Eusebio Pedroza vs Juan Laporte

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Eusebio Pedroza vs Juan Laporte
Fan Rating: 
0
Your rating: None
5
Average: 5 (1 vote)

Date: 
Sunday, January 24, 1982
Location: 
Sands Casino Hotel, Atlantic City, New Jersey, USA
Rounds Scheduled: 
15
Contracted Weight: 
126
Titles at Stake: 
WBA featherweight world title
Referee: 
Guy Jutras

Official Judging
Fernndo Viso 144 - 141
Ove Ovesen 144 - 142
Marco Antonio Rodriguez 145 - 143

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Fan Cards: Eusebio Pedroza vs Juan Laporte


scorecard by WHAT_IS_THE_DEFAULT_PASSWORD
Round
1
2
3
4
5
6
7
8
9
10
11
12
13
14
15
Total
EUSEBIO PEDROZA
9
9
9
10
9
9
10
9
9
10
9
10
10
9
10
141
JUAN LAPORTE
10
10
10
9
10
10
9
10
10
9
10
9
9
9
9
143


Comments

what_is_the_default_password's picture

This fight looked straight out of Sandy Saddler's era, and it was only by the referee's unusual leniency that Pedroza was not disqualified.

LaPorte started strong and boxed well, while Pedroza looked uncharacteristically sluggish and was hit by some hard shots. Just as it looked as if a new featherweight champion might be on his way, Pedroza dragged LaPorte to the trenches.

Pedroza has few equals when it comes to fighting in the trenches, he always found a way to batter his opponents into withering submission, rules be damned.

The champion pulled every trick in the book. Hold-and-hit, rabbit punches, headbutts, groin shots, kidney punch, elbow strike, forearm strike, Kung-Fu style open palm strikes and even shoulder strikes were all used by Pedroza in a no-holds-barred beating on LaPorte.

LaPorte withered badly under such a savage beating, and it was obvious his early fire was all but extinguished. Nonetheless, LaPorte managed to fight back in spurts and take a round or two in the latter half of the game, he also tried to retaliate with his own headbutts and low blows without much success.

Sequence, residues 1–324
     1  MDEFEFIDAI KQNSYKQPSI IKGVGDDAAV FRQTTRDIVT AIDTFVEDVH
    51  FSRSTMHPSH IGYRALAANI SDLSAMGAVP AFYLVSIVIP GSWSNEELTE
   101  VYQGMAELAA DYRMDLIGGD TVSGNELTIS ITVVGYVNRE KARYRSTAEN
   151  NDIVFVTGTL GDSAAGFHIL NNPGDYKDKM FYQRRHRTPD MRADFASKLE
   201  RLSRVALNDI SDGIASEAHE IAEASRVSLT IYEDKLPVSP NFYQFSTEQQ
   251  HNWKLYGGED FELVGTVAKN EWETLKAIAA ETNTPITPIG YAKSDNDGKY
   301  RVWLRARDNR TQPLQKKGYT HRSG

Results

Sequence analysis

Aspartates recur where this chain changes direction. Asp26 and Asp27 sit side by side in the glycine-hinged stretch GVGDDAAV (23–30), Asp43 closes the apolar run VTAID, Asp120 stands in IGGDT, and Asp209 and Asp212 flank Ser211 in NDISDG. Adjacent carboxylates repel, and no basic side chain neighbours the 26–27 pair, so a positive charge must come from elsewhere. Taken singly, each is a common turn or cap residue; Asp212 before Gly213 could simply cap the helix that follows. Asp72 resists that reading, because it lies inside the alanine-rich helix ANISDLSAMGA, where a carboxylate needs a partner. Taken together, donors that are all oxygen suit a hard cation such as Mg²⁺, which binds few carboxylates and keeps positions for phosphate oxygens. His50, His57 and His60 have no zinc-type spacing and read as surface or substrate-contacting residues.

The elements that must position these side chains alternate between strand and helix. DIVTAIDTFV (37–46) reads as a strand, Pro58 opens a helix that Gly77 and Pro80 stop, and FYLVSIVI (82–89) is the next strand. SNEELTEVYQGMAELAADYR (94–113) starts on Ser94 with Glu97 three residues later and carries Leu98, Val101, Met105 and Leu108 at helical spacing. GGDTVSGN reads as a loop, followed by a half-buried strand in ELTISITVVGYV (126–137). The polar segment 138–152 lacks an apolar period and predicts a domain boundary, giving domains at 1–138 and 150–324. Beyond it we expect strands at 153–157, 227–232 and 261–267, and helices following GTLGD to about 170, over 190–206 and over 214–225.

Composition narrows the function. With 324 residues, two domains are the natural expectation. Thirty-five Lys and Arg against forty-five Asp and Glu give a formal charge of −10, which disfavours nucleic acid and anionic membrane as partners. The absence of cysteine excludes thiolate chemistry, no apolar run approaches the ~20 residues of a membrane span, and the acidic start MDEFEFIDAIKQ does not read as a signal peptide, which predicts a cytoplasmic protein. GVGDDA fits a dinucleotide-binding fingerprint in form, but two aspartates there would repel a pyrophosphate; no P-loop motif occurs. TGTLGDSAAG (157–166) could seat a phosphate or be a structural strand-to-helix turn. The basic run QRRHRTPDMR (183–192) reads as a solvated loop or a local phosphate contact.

For his transgressions, Pedroza was deducted three points.

In round 3, Pedroza was deducted a point for hitting after the bell.

In round 8, he was deducted a point after multiple low blows on LaPorte.

In round 14, he was deducted a point after multiple warnings about his misuse of elbows.

After 15 rounds of savage war, LaPorte looked utterly drained and anything but a victor. Meanwhile Pedroza looked relatively fine despite his high output, which is a testament to his amazing endurance as a championship-round-specialist.

Point deductions aside, it was unquestionable Pedroza won the fight. The suspense in the air was whether the three points deduction would change the outcome of the decision.

On my scorecards it did, but it did not on the official scorecards.

Pedroza was announced the winner by unanimous decision amidst the boos of LaPorte's hometown fans. Their indignation was justified, he should have been disqualified for the amount of blatant fouls he pulled. But then again all-time great boxers like such as Saddler and Greb who made fouls a staple of their game were rarely, if ever, disqualified. Would it be fair to sing praises of these historic greats while criticising Pedroza for his dirty tactics in his title reign?

Pedroza continued to defend his title several more times, often at his opponent's hometown. You don't see this kind of champion anymore.

"We knew he was a dirty fighter, but I’m not saying the low blows beat me, because I don’t think he won."
-Juan LaPorte

"You’re a pro, you don’t cry, that’s professional boxing."
-Eusebio Pedroza

We all know the pro-boxing business is a little dirty and shady since its conception, to expect otherwise is ignorance and naivety.